Evaluation of Gadolinium Retention After Serial Administrations of a Macrocyclic Gadolinium-Based Contrast Agent (Gadobutrol): A Single-Institution Experience With 189 Patients
There has been controversy as to whether gadobutrol, one of the widely used macrocyclic gadolinium-based contrast agents, can lead to gadolinium retention after serial injections. Our aim was to validate whether serial administrations of gadobutrol can cause signal increase in the dentate nucleus (DN) and globus pallidus (GP) on unenhanced T1-weighted magnetic resonance (MR) images due to gadolinium retention.Materials and Methods
A total of 189 patients who had undergone at least 2 contrast-enhanced MR scans using only gadobutrol between August 2009 and August 2016 were retrospectively included. The DN–to–pons and GP-to-thalamus signal intensity (SI) ratio differences on unenhanced T1-weighted MR images were calculated by subtracting the SI ratios at the first MR images from those at the last MR images. One-sample t tests were used to evaluate whether the SI ratio differences differed from 0. Linear regression and Pearson correlations were performed to assess correlations between SI ratio differences and various confounding variables, including the number of MR scans, mean time interval between MR scans, age, sex, history of radiation therapy or chemotherapy, and renal and liver functions.Results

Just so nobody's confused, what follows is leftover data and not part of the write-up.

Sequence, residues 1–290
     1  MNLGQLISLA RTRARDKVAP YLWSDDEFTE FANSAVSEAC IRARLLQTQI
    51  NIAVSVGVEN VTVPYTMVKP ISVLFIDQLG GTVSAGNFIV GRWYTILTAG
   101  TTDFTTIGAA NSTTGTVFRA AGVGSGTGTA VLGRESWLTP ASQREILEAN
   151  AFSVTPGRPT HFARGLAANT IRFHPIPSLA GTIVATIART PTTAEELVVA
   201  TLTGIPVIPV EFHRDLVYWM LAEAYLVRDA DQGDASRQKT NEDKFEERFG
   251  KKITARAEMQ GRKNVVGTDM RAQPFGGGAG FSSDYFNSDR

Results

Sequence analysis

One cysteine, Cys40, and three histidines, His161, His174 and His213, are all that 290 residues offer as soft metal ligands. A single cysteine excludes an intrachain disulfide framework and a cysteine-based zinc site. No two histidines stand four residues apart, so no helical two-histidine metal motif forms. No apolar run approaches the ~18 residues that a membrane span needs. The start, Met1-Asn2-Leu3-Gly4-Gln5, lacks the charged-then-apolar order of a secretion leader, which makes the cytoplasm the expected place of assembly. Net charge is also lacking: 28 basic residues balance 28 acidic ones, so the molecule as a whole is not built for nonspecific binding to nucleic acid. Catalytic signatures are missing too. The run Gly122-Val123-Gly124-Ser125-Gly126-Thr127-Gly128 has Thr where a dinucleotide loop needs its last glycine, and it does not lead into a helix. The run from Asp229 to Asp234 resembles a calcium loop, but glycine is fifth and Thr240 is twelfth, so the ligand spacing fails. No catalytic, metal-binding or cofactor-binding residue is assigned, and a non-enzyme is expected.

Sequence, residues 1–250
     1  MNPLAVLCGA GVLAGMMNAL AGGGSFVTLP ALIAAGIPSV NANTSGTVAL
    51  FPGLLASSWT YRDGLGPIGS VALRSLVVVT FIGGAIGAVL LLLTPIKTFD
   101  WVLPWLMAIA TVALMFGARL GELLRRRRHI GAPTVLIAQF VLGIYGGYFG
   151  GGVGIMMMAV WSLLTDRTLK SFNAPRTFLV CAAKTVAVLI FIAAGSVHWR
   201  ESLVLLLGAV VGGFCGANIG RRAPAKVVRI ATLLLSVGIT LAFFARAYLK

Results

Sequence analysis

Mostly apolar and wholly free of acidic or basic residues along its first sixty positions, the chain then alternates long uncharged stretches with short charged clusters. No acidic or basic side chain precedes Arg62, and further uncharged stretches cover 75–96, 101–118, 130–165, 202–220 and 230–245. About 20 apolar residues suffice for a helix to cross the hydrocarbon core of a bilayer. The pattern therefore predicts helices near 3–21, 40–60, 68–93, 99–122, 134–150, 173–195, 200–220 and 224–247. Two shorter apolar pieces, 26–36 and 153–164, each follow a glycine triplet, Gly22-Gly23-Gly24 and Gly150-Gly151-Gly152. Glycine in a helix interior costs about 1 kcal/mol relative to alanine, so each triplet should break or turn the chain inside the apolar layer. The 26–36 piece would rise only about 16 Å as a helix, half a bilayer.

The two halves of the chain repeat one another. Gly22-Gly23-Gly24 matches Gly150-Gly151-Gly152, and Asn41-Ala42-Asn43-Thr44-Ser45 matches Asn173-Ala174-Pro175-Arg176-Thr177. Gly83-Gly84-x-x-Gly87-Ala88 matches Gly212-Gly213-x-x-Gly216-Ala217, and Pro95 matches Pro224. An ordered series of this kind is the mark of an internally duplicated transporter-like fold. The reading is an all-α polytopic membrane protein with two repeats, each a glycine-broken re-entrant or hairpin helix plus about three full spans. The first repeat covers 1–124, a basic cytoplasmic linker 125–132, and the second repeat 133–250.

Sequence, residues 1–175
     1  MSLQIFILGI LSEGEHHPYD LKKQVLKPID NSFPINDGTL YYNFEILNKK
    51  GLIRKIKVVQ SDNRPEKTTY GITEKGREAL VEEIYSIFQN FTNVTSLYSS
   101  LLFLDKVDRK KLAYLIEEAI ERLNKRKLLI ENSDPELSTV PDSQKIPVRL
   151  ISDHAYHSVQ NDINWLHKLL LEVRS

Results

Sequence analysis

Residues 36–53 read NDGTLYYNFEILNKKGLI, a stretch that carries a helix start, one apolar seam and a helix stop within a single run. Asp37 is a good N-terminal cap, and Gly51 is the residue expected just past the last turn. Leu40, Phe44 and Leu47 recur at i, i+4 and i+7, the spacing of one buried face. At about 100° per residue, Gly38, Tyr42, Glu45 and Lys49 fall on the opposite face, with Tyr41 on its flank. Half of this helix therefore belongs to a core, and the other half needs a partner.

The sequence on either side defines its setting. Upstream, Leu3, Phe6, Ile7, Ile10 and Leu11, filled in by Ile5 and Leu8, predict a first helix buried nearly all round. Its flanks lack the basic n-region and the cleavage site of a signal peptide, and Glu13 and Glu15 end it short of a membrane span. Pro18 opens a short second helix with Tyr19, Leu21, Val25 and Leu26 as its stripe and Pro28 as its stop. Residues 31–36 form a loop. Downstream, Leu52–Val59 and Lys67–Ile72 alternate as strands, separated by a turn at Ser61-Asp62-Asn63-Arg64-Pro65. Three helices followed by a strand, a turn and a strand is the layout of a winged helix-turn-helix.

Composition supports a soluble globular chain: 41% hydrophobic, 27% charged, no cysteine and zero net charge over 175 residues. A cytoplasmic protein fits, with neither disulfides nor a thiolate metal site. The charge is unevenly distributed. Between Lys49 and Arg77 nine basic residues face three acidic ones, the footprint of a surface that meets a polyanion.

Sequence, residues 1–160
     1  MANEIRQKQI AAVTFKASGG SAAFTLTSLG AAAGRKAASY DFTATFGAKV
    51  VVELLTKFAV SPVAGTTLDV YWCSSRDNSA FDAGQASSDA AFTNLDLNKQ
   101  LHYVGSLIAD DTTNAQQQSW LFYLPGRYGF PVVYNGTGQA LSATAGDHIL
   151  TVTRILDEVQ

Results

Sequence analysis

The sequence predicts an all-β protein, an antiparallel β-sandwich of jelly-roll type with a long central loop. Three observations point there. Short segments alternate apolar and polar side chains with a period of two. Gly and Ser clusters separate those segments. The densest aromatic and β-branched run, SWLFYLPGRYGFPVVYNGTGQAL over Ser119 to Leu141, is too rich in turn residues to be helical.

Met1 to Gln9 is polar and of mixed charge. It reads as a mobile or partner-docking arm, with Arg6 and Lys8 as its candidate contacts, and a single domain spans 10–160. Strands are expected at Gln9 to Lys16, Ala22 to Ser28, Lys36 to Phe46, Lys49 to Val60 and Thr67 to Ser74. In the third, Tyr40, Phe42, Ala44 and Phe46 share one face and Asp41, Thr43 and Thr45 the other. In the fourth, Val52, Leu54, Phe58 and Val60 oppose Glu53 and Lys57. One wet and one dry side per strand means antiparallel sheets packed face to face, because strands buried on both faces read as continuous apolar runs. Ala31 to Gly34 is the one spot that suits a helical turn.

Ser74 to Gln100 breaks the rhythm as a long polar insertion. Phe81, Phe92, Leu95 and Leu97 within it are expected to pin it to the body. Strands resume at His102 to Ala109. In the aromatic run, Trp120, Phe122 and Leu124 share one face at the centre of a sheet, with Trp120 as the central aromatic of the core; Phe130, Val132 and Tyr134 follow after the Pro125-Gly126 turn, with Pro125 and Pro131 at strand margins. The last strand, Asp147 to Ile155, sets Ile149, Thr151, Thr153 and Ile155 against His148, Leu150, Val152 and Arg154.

Patients underwent a mean of 5.9 ± 6.3 contrast-enhanced MR scans with a mean interval of 42.8 ± 49.5 weeks between the scans. Sixty-three patients underwent 6 or more MR scans, whereas 126 patients underwent fewer than 6 MR scans. Neither the DN-to-pons SI nor the GP-to-thalamus SI ratio differences differed significantly from 0, with mean values of −0.012 ± 0.115 (P = 0.148) and 0.012 ± 0.111 (P = 0.126), respectively.Conclusions
Serial administrations of gadobutrol did not result in signal increases in the DN or GP on unenhanced T1-weighted MR images due to gadolinium retention.